Mount Graham red squirrel

Mount Graham Red Squirrels on Brink of Extinction

According to a recent census, there are only about 35 endangered Mount Graham red squirrels left on Earth — down from 252 in 2016. The Center has been working to protect them for decades, including from a University of Arizona telescope that fragmented or destroyed almost half the squirrels' essential mountain habitat.

"Removing the telescopes would allow the high-elevation squirrel habitat to grow back and prevent more destruction,” says Center cofounder Robin Silver. “And in the short term, we have to remove the cabins and bible camp that have been built where crucial habitat remains."

Earth's southernmost red squirrels, Mount Graham's population has survived in isolation since the continental Pleistocene glaciers receded more than 10,000 years ago.

We'll keep fighting to save them.

Read more in the Arizona Daily Star.

Ignite Change event in Oakland

Ignite Change Volunteers Are Stepping Up — Are You In?

Volunteers with the Center's Ignite Change network are making important headway. Already Ignite Change activists have held meetings with 10 members of Congress to urge them to sign the pledge to protect America's national monuments and other public lands. More meetings are happening soon.

These kinds of in-person discussions with congressional offices — part of Ignite Change's Stand for Lands campaign — are crucial to saving our public lands from oil and gas drilling, large-scale logging, and other kinds of destruction.

Ready to join this important work? Take a moment to sign up for Ignite Change and we'll be in touch quickly about how to get involved.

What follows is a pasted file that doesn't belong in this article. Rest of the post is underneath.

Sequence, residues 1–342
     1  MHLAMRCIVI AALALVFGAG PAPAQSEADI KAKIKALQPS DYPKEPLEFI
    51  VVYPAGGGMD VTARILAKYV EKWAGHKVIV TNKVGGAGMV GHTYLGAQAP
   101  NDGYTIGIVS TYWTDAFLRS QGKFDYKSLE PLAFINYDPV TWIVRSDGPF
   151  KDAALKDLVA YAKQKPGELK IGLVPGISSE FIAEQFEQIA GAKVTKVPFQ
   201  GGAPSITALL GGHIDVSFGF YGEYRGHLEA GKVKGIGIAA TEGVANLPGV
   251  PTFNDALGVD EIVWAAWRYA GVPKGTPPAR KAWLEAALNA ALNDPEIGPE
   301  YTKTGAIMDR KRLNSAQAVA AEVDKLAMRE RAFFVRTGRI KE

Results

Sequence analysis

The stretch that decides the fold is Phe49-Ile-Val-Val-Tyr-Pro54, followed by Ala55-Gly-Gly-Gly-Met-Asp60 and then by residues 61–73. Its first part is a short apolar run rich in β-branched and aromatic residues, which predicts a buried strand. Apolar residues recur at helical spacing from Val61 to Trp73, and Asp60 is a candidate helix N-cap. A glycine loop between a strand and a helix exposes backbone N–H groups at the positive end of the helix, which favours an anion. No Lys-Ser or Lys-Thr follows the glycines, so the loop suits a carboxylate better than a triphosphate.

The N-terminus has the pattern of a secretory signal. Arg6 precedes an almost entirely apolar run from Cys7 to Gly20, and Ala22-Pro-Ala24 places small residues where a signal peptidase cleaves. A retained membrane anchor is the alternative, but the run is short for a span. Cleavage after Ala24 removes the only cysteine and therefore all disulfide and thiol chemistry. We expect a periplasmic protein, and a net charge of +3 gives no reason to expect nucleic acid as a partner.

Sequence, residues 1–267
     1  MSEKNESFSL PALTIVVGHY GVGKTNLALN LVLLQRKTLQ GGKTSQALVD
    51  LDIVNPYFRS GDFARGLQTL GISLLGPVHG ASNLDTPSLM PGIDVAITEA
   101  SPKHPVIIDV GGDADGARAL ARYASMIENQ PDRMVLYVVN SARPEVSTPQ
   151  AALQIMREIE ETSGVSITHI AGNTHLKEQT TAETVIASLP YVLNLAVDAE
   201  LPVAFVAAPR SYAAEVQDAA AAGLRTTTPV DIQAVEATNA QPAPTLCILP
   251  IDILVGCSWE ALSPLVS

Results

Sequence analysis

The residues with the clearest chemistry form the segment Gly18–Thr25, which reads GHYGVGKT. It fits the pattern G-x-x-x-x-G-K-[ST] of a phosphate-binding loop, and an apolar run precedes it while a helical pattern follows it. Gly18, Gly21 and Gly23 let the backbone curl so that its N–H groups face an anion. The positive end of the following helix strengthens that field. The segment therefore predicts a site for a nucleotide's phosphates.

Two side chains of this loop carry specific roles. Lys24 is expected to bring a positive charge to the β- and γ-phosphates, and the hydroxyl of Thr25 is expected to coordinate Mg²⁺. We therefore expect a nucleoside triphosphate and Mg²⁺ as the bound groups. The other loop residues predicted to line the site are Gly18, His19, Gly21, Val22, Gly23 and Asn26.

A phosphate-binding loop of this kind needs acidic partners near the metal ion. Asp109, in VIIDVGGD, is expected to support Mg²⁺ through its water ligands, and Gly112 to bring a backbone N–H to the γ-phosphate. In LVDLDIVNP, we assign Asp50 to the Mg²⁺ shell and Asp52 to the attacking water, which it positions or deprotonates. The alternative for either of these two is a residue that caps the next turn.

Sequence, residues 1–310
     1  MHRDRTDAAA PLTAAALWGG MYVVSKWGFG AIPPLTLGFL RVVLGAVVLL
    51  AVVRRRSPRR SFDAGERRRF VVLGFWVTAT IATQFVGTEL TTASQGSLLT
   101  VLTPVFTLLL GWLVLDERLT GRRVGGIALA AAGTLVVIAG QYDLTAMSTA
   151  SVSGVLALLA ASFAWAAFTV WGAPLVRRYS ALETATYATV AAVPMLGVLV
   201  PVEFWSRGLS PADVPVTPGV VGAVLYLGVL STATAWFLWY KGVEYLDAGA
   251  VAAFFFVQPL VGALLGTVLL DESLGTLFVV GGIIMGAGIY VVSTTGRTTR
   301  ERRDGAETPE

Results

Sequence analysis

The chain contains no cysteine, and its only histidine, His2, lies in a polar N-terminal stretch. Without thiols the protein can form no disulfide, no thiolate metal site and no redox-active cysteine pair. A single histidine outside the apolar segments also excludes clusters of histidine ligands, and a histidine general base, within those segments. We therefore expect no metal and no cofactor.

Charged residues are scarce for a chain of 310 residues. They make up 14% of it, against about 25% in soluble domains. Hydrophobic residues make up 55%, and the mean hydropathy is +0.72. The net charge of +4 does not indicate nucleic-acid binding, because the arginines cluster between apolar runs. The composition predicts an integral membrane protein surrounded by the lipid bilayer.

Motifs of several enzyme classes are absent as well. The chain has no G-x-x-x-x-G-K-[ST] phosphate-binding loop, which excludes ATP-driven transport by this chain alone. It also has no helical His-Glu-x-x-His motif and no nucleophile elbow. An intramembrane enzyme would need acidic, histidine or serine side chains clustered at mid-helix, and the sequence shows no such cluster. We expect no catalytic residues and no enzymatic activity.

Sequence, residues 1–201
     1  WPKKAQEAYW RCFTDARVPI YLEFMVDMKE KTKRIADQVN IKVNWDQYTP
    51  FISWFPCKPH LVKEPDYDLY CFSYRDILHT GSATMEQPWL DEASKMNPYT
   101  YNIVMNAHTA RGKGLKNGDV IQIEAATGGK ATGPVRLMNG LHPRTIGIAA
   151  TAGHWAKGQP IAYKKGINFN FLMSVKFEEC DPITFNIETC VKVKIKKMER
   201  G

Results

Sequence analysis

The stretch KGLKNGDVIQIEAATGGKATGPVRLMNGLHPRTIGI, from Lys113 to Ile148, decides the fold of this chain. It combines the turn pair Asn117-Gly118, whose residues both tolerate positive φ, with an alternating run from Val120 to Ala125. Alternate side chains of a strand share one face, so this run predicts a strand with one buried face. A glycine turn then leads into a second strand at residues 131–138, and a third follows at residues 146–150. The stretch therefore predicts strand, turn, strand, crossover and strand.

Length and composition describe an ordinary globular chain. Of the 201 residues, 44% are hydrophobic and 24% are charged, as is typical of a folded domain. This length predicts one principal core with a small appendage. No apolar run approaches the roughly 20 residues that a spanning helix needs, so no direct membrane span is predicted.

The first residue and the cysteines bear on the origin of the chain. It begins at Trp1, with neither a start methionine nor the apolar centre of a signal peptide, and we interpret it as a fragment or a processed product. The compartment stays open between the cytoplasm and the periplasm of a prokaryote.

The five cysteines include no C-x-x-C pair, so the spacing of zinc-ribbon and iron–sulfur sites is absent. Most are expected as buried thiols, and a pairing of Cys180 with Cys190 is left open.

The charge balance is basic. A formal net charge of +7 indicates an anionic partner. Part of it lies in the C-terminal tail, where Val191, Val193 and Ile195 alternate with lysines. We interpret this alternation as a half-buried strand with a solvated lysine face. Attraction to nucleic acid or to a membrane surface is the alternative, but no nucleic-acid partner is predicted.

Take Action — Stop This Reckless Logging Bill

Oregon logging

Soon the House will vote on a bill allowing massive logging projects — of up to 45 square miles each — on public lands, without any disclosure of potential harms to wildlife, forests or watersheds. It would also severely limit the public's ability to meaningfully engage in national forest management. The bill, misleadingly named the "Resilient Federal Forests Act of 2017," is a blank check to special interests that'll take us back to the dark days of reckless logging.

Act now: Urge your representative to vote no on H.R. 2936.

Petey Mesquitey

Wild & Weird: An Ode to Borderland Jaguars

If you aren't from Tucson, Ariz., you may not have heard of Petey Mesquitey — a southwestern poet and storyteller who puts out weekly radio bulletins about the wonders of the Sonoran desert biome. Sometimes he sings love songs about badgers and coyotes; sometimes he loses himself in a description of the contents of owl pellets.

At a recent Center event Petey sang a newly penned, bluesy ode to borderland jaguars in which he cursed Trump's border wall, riling up the crowd.

Have a listen to "I'm a Borderland Jaguar" on Facebook or YouTube. You'll be glad you did.

Follow Us
 Facebook  Twitter  YouTube  Instagram  Medium 

Center for Biological Diversity   |   Saving Life on Earth

Opt out of this mailing list.    |    View this email in your browser.

Donate now to support the Center's work.

Photo credits: Hawaiian petrel by Brett  Hartl, Center for Biological Diversity; Oakland sunset by Thomas Hawk/Flickr; Ask Dr. Donley graphic courtesy Center for Biological Diversity; chambered nautilus courtesy  USFWS; Oregon wolf courtesy ODFW; Mount Graham red squirrel by ggallice/Flickr; Ignite Change event in Oakland courtesy Center for Biological Diversity; Oregon logging by Francis Eatherington/Flickr; video still of Petey Mesquitey courtesy Center for Biological Diversity.

Center for Biological Diversity
P.O. Box 710
Tucson, AZ 85702